People v Green

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People v Green 2019 NY Slip Op 04608 Decided on June 7, 2019 Appellate Division, Fourth Department Published by New York State Law Reporting Bureau pursuant to Judiciary Law § 431. This opinion is uncorrected and subject to revision before publication in the Official Reports.

Decided on June 7, 2019 SUPREME COURT OF THE STATE OF NEW YORK Appellate Division, Fourth Judicial Department
PRESENT: CARNI, J.P., LINDLEY, DEJOSEPH, NEMOYER, AND WINSLOW, JJ.
1147 KA 16-00800

[*1]THE PEOPLE OF THE STATE OF NEW YORK, RESPONDENT,

v

ROBERT GREEN, DEFENDANT-APPELLANT.



THE LEGAL AID BUREAU OF BUFFALO, INC., BUFFALO, HODGSON RUSS LLP (PATRICK E. FITZSIMMONS OF COUNSEL), FOR DEFENDANT-APPELLANT.

JOHN J. FLYNN, DISTRICT ATTORNEY, BUFFALO (MICHAEL J. HILLERY OF COUNSEL), FOR RESPONDENT.



Appeal from a judgment of the Supreme Court, Erie County (Russell P. Buscaglia, A.J.), rendered February 20, 2015. The judgment convicted defendant, upon his plea of guilty, of criminal possession of a weapon in the second degree.

It is hereby ORDERED that the case is held, the decision is reserved and the matter is remitted to Supreme Court, Erie County, for further proceedings in accordance with the following memorandum: Defendant appeals from a judgment convicting him upon his plea of guilty of criminal possession of a weapon in the second degree (Penal Law § 265.03 [3]). The charge arose after a police officer observed the vehicle in which defendant was a passenger being operated in violation of the Vehicle and Traffic Law. The officer followed the vehicle in order to initiate a traffic stop, but the driver pulled over and stopped before the officer activated his lights. Upon approaching the vehicle, the officer observed that there were two occupants, one of whom, i.e., defendant, was moving around in the backseat and putting his hands in his front pocket as if he was "stuffing something either in his coat or in his pants as if to conceal it from [the officer]." Although it was winter, both the driver's and defendant's windows were open, and the officer detected the odor of marihuana emanating from the vehicle. The officer asked the driver and defendant for identification and thereafter learned that the driver's license of the driver had been revoked and that defendant did not have a driver's license.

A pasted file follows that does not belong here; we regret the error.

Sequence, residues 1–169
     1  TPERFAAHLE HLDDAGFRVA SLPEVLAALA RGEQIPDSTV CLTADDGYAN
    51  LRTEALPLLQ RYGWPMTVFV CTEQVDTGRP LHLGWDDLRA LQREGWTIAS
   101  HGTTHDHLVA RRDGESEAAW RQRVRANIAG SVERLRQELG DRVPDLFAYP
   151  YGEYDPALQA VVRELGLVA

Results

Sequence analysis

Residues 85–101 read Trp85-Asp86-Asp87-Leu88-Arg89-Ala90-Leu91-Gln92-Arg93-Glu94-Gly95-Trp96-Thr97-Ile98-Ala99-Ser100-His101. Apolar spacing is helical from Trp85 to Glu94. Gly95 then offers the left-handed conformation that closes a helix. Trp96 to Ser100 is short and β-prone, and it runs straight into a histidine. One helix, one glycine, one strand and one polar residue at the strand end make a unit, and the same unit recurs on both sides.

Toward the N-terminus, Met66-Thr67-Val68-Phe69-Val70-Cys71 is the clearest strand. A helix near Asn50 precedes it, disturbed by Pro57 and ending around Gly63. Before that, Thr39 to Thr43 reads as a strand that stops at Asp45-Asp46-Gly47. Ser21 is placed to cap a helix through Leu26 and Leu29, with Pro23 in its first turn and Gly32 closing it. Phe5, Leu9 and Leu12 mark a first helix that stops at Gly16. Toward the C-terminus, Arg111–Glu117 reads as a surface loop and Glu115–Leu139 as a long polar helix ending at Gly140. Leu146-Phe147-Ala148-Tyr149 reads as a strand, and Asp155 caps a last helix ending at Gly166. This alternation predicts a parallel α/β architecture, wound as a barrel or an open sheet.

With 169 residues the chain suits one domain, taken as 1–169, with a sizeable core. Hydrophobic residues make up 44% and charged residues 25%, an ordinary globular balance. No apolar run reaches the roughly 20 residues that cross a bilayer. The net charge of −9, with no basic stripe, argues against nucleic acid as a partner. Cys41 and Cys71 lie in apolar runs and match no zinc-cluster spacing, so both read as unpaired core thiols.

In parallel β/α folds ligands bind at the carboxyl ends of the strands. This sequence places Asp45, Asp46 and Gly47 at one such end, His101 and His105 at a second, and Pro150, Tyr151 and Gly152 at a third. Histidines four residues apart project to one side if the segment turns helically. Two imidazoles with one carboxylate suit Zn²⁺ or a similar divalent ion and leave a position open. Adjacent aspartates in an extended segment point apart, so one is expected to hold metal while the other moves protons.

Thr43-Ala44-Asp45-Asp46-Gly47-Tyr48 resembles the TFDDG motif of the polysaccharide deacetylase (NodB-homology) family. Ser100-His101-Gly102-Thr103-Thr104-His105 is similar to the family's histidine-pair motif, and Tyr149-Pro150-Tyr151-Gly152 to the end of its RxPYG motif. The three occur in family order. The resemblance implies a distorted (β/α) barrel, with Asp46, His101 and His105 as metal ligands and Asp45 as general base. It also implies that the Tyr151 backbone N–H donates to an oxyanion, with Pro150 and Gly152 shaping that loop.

The officer directed defendant to exit the vehicle and place his hands on the patrol car so that the officer could conduct a pat search. Defendant exited the vehicle as directed but thereafter fled, discarding components of a 9 millimeter Glock semiautomatic pistol as he ran. Defendant contends, inter alia, that Supreme Court erred in refusing to suppress the gun on the ground that the officer exceeded his authority in ordering defendant to exit the vehicle and place his hands on the patrol car.

Because the driver pulled over of his own volition before the officer activated his emergency lights to initiate a traffic stop, the officer needed only an articulable basis to lawfully approach the occupants of the vehicle and request information (see People v Harrison, 57 NY2d 470, 475 [1982]). That basis was supplied by the officer's observation that the vehicle was being operated in violation of Vehicle and Traffic Law § 375 (2) (a) (1) (see People v Robinson, 97 NY2d 341, 349 [2001]). Thus, the officer's conduct "was justified in its inception" (People v Nicodemus, 247 AD2d 833, 835 [4th Dept 1998], lv denied 92 NY2d 858 [1998]).

The court determined that the officer had a founded suspicion of criminality prior to ordering defendant to exit the vehicle for the pat search. A founded suspicion of criminality standing alone, however, was insufficient to justify the officer's conduct in ordering defendant to place his hands on the patrol car in preparation for a pat search (see generally People v Whorley, 125 AD3d 1484, 1484 [4th Dept 2015], lv denied 25 NY3d 1173 [2015]). Nevertheless, in making its determination, the court credited the officer's testimony that he smelled fresh marihuana [*2]emanating from the vehicle and was experienced in detecting marihuana. It is well settled that "[t]he odor of marihuana emanating from a vehicle, when detected by an officer qualified by training and experience to recognize it, is sufficient to constitute probable cause to search a vehicle and its occupants" (People v Cuffie, 109 AD3d 1200, 1201 [4th Dept 2013], lv denied 22 NY3d 1087 [2014] [internal quotation marks omitted]). The court, however, did not address whether the officer's observation provided probable cause to search defendant's person, and we cannot affirm the court's refusal to suppress the gun "on a theory not reached by the suppression court" (People v Ingram, 18 NY3d 948, 949 [2012]; see People v Concepcion, 17 NY3d 192, 195 [2011]; People v LaFontaine, 92 NY2d 470, 473-474 [1998], rearg denied 93 NY2d 849 [1999]). We therefore hold the case, reserve decision, and remit the matter to Supreme Court for a determination whether the officer possessed the requisite justification to conduct a search of defendant (see generally People v Sykes, 110 AD3d 1437, 1438 [4th Dept 2013]).

Entered: June 7, 2019

Mark W. Bennett

Clerk of the Court